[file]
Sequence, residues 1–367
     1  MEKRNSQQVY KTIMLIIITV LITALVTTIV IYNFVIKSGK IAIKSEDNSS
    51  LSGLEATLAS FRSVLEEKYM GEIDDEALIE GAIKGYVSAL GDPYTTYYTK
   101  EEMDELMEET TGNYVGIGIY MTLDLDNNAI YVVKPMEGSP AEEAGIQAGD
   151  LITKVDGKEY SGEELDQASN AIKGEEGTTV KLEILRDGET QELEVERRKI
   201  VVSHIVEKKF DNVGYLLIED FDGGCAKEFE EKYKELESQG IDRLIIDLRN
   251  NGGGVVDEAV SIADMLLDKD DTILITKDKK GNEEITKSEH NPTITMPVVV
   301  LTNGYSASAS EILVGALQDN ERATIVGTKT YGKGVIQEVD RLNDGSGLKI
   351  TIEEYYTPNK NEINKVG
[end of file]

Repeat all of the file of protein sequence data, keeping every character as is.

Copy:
Sequence, residues 1–367
     1  MEKRNSQQVY KTIMLIIITV LITALVTTIV IYNFVIKSGK IAIKSEDNSS
    51  LSGLEATLAS FRSVLEEKYM GEIDDEALIE GAIKGYVSAL GDPYTTYYTK
   101  EEMDELMEET TGNYVGIGIY MTLDLDNNAI YVVKPMEGSP AEEAGIQAGD
   151  LITKVDGKEY SGEELDQASN AIKGEEGTTV KLEILRDGET QELEVERRKI
   201  VVSHIVEKKF DNVGYLLIED FDGGCAKEFE EKYKELESQG IDRLIIDLRN
   251  NGGGVVDEAV SIADMLLDKD DTILITKDKK GNEEITKSEH NPTITMPVVV
   301  LTNGYSASAS EILVGALQDN ERATIVGTKT YGKGVIQEVD RLNDGSGLKI
   351  TIEEYYTPNK NEINKVG